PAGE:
Posts Tagged folk
Swarming Branch, “Zsazsur’s Real Estate Song”
Upbeat, catchy and quirky single. I get a bit of a Folk Implosion and OK Go vibe from this Columbus, Ohio based experimental electro/indie/folk project of singer/songwriter Andrew Graham, drummer Lon Leary and a rotating group of collaborating musicians. The new album from Swarming Branch— Surreal Number— (SofaBurn Records) is out now. The album was produced by Rob Barbato (Drinks, Kevin Morby, Peaking Lights).
Luca D’Alberto, “Endless”
Full throttle new wave classical music in this gorgeous, atmospheric song. Luca D’Alberto is a classical composer, arranger and multi-instrumentalist [violin, viola, violectra, cello and piano] from Italy. Endless [7K!] is out now. The album was produced by Martyn Heyne (Nils Frahm, Lubomir Melnyk, Peter Broderick, Tiny Ruins and The National).
About the album title, Luca said: “Endless is a secret place, a place where we can be free to remember everything, without being afraid, without limits. A place where we can let go of ourselves, without thinking, where we can allow our bodies to rest peacefully and find the courage to live the noisy silence of our lives.”
Connor Desai, “Killing the One Who Believed in Your Love”
— comfortable, soulful vocals combined with meaningful lyrics provides candor and intensity in this song about a woman’s independence and self-identity. Desai explained: “The decision to reclaim oneself often requires women to grieve someone who is still living, or an ideal which was part of them.”
Connor Desai earned a masters in teaching and works as a music teacher. The Seattle-based musician’s new EP, Sister, is out now. Feminists take note.
Thayer Sarrano, “Thieves”
Thayer’s vocals sound a lot like Hope Sandoval and the song’s arrangements may remind listeners of Mazzy Star. The ethereal, swirly music instantly takes you to emotional depths both gloomy and exquisite.
Athens, GA-based psych/shoegaze/dream-pop artist Thayer Sarrano grew up in a seminary as well as the swamps of southern Georgia. Classically trained as a child, she writes poetry and instrumental compositions. She started collaborating with friends and worked as a studio/touring session player with of Montreal, Dead Confederate’s T. Hardy Morris, Cracker & Camper Van Beethoven, Dave Marr, David Barbe, Kuroma and more. Her new LP is called Shaky.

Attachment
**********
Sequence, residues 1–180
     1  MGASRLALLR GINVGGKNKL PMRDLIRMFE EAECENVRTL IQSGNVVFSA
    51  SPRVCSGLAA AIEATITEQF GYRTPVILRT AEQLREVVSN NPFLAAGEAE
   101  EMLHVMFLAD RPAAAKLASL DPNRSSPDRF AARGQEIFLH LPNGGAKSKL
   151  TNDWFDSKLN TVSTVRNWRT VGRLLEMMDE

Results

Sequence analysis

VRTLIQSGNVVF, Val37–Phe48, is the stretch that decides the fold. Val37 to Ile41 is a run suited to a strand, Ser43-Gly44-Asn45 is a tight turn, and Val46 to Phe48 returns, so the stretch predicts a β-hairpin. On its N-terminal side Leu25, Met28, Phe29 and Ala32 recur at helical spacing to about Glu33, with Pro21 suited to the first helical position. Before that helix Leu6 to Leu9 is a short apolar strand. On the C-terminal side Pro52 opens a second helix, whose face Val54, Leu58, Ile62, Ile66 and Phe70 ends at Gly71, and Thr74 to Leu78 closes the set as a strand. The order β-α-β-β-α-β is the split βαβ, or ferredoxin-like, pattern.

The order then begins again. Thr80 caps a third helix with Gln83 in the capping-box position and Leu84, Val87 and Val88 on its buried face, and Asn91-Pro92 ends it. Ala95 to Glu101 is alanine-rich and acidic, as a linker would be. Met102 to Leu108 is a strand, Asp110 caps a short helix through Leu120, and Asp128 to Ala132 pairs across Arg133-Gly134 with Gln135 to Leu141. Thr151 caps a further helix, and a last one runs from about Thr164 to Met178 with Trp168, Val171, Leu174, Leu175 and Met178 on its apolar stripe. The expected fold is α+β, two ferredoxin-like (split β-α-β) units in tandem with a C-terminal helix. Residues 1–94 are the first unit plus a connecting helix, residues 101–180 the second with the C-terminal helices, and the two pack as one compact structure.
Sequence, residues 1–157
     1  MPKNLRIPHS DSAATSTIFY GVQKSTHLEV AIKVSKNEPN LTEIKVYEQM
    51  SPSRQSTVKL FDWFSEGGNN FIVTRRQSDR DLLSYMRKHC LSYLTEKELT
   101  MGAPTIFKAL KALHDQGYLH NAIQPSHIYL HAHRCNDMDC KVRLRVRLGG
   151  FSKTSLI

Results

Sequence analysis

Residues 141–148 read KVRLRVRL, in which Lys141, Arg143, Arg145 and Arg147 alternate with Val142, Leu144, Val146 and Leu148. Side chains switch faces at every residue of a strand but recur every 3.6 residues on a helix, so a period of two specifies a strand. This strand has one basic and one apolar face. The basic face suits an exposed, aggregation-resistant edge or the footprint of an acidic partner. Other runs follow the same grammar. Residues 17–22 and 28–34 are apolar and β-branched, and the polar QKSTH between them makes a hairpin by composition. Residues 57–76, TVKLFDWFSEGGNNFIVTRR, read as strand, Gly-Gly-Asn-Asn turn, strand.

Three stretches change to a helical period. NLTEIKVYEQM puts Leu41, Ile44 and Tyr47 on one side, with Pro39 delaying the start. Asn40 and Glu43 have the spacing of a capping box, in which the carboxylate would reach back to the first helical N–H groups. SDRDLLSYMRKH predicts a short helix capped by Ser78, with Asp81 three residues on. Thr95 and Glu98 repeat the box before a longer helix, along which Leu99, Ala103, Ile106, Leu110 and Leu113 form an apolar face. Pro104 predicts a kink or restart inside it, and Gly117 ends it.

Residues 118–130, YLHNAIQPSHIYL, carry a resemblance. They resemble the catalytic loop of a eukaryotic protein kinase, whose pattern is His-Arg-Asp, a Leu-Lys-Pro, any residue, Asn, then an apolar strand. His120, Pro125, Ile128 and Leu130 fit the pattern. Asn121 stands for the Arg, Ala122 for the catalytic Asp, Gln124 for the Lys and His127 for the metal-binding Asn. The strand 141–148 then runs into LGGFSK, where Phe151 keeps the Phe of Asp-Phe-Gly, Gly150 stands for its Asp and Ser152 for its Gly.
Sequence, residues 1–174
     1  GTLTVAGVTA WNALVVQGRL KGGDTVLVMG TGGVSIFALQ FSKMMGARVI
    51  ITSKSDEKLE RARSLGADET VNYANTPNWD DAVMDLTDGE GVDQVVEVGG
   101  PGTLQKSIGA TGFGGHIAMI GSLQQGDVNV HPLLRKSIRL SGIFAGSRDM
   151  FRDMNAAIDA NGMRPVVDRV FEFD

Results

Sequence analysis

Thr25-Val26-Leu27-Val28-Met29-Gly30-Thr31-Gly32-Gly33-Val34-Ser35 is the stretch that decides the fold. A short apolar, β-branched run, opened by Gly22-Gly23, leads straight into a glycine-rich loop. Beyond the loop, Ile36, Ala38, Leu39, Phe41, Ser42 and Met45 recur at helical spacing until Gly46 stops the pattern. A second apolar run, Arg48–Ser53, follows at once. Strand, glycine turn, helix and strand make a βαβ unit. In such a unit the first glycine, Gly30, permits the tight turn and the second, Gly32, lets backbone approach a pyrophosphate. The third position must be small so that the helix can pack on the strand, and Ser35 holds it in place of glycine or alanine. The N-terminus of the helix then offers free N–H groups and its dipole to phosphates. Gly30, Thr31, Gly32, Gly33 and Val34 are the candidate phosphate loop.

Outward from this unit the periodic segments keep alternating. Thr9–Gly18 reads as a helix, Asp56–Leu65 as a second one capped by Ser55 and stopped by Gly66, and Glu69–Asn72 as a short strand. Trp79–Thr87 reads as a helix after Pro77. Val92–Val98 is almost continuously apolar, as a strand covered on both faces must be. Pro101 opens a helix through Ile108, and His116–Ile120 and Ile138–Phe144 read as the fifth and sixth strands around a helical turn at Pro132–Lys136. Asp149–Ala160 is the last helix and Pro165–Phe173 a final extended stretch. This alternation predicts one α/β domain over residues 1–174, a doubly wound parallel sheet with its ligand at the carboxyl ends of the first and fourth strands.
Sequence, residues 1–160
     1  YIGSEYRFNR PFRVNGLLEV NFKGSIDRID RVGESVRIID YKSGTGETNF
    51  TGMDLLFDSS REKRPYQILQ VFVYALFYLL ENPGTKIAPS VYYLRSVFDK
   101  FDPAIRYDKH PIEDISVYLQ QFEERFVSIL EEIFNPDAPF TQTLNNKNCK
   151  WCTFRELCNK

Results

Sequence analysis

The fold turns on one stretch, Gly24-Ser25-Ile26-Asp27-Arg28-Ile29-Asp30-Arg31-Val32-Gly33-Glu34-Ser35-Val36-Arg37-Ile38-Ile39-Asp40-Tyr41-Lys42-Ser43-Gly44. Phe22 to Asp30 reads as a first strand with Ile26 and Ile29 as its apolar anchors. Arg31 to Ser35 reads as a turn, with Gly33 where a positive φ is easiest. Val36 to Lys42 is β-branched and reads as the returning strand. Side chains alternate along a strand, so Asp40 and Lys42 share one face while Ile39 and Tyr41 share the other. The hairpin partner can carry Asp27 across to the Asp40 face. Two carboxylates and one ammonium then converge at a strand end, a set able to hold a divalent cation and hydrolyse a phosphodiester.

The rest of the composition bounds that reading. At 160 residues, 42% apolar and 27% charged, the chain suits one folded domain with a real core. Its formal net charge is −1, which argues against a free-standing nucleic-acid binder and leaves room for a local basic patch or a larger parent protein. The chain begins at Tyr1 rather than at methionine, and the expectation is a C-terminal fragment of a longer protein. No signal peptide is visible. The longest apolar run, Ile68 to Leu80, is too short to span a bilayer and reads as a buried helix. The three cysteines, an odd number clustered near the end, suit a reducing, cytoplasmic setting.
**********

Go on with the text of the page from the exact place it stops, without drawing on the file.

The sophomore album–A Day For The Hunter, A Day For The Prey— from multi-instrumentalist, multi-lingual singer Leyla McCalla is an emotional, stunning and impressive album to listen to again and again. It makes me want to immediately visit NOLA. There’s sadness, beauty, truth, bravery and hope in her gypsy jazz/ folk music. Haitian-American and NOLA resident McCalla [formerly of Carolina Chocolate Drops] uses her own experiences as well as interpreting Haitian, Cajun and Creole jazz and folk. Every song is magical but I particularly favor the lovely and heartbreaking version of the classic Creole slave song “Salangadou,” the plaintive “Les Plats Sont Tous Mis Sur la Table” and the aching “Let It Fall” as well as the thoughtful title track. Strings truly can speak from the soul.
Leyla McCalla at Davis Square Theatre, Somerville, Mass., Friday, October 6 at 7pm
255 Elm St. Somerville, MA
Tickets: $20 General Admission
formed in 2011, Chris Robinson Brotherhood plays folksy, psychedelic, trippy, wandering, guitar-heavy, wandering songs that transport you to a transcendental state. The band wil tour in support of its fourth studio album, Anyway You Love, We Know How You Feel, out now via Robinson’s Silver Arrow Records. The band plays two Boston dates at Paradise Rock Club on Friday, September 30 and Saturday, October 1.
August 28 – Arrington, VA – LOCKN’ Festival
September 16 – Morrison, CO – Red Rocks Park and Amphitheatre
September 18 – Scranton, PA – Outlaw Music Festival
September 21 – Buffalo, NY – Town Ballroom
September 23 – Pontiac, MI – The Crofoot
September 24 – Pittsburgh, PA – The Rex Theater
September 25 – Cleveland, OH – Beachland Ballroom
September 26 – Cleveland, OH – Beachland Ballroom